1988 Cincinnati Reds season

The Cincinnati Reds' 1988 season was a season in American baseball. It consisted of the Cincinnati Reds attempting to win the National League West. Led by manager Pete Rose, the Reds had a record of 87 wins and 74 losses, finishing seven games back of the eventual World Series champion Los Angeles Dodgers. The 1988 season would be Pete Rose's last full season as Reds manager.

1988 Philadelphia Phillies season

The 1988 Philadelphia Phillies season was a season in Major League Baseball. The Phillies finished sixth in the National League East with a record of 65 wins and 96 losses.

1989 Cincinnati Reds season

The Cincinnati Reds' 1989 season consisted of the Cincinnati Reds attempting to win the National League West for the first time since 1979. The season was defined by allegations of gambling by Pete Rose. Before the end of the season, Rose was banned from baseball by commissioner A. Bartlett Giamatti.

1990 Cincinnati Reds season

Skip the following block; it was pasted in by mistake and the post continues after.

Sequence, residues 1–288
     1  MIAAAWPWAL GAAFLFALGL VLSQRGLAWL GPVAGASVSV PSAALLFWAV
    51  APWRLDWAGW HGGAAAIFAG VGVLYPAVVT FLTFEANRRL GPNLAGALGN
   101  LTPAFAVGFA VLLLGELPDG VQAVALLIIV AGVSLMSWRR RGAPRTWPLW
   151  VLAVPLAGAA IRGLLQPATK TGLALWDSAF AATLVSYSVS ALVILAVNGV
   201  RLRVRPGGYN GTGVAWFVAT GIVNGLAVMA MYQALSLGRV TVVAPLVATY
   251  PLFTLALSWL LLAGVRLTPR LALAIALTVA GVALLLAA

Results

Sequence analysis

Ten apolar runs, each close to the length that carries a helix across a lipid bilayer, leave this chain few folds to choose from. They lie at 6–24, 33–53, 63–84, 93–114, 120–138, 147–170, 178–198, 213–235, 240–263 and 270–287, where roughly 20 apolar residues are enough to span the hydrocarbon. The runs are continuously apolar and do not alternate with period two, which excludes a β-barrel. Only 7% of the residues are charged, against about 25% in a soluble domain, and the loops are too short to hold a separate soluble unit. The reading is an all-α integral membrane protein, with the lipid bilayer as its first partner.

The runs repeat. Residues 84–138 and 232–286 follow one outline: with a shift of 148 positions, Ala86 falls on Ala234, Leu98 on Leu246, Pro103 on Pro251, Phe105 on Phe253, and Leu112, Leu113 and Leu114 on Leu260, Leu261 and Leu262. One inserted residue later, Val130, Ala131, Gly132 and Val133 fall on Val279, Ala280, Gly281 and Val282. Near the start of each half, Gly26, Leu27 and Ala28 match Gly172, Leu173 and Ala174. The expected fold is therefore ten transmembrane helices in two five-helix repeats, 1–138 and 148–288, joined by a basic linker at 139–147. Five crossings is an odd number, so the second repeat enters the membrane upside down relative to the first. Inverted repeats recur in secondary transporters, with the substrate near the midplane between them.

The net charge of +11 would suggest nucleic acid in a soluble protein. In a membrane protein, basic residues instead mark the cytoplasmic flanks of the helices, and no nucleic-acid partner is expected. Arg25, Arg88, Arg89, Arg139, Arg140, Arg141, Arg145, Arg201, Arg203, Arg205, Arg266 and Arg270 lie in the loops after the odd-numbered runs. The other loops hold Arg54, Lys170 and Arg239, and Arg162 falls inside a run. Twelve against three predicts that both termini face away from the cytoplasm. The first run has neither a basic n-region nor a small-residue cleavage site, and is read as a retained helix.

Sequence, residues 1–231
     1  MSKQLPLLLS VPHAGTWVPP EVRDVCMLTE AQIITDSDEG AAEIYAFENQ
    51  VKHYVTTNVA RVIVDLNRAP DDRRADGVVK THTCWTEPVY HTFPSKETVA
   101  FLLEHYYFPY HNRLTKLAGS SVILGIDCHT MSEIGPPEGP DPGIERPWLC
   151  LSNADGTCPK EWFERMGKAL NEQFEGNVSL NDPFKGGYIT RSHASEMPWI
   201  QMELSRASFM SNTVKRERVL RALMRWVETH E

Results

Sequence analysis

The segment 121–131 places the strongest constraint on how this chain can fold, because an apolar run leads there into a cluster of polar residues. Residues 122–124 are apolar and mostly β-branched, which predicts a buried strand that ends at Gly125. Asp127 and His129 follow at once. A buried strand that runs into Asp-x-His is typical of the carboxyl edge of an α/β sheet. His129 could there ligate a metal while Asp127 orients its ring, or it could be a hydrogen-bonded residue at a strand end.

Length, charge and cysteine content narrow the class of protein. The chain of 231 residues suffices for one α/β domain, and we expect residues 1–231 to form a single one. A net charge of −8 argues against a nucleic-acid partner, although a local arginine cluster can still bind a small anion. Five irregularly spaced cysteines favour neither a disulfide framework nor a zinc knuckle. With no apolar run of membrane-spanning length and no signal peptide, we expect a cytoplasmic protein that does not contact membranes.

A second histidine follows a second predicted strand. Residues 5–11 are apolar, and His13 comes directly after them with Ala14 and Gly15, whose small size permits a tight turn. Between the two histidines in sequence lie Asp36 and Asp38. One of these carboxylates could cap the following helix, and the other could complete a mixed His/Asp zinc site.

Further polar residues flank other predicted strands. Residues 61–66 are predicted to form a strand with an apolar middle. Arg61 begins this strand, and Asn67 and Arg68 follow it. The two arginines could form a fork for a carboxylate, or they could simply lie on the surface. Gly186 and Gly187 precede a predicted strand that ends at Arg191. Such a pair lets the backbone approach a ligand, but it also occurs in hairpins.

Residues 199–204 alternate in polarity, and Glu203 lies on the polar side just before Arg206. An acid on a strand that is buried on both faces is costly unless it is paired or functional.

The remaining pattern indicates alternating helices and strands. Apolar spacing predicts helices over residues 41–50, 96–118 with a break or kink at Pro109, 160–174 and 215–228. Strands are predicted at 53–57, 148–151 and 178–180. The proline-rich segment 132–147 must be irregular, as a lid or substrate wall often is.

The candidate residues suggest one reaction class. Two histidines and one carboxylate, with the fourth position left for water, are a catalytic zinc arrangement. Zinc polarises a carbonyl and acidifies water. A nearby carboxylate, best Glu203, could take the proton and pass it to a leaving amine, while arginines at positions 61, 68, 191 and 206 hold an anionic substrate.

The Cincinnati Reds' 1990 season was the Reds' 108th season in American baseball. Starting with a club best nine straight wins to open the season, as well as holding the top spot in the National League West every game during the season, the Reds went 41-21 after 62 games, splitting the remaining 100 games 50-50 to end up with a 91-71 record. It consisted of the 91-71 Reds winning the National League West by five games over the second-place Dodgers, as well as the National League Championship Series in six games over the Pittsburgh Pirates, and the World Series in a four-game sweep over the overwhelming favorite Oakland Athletics, who had won the World Series the previous year. It was the fifth World Championship for the Reds, and their first since winning two consecutive titles in 1975 and '76.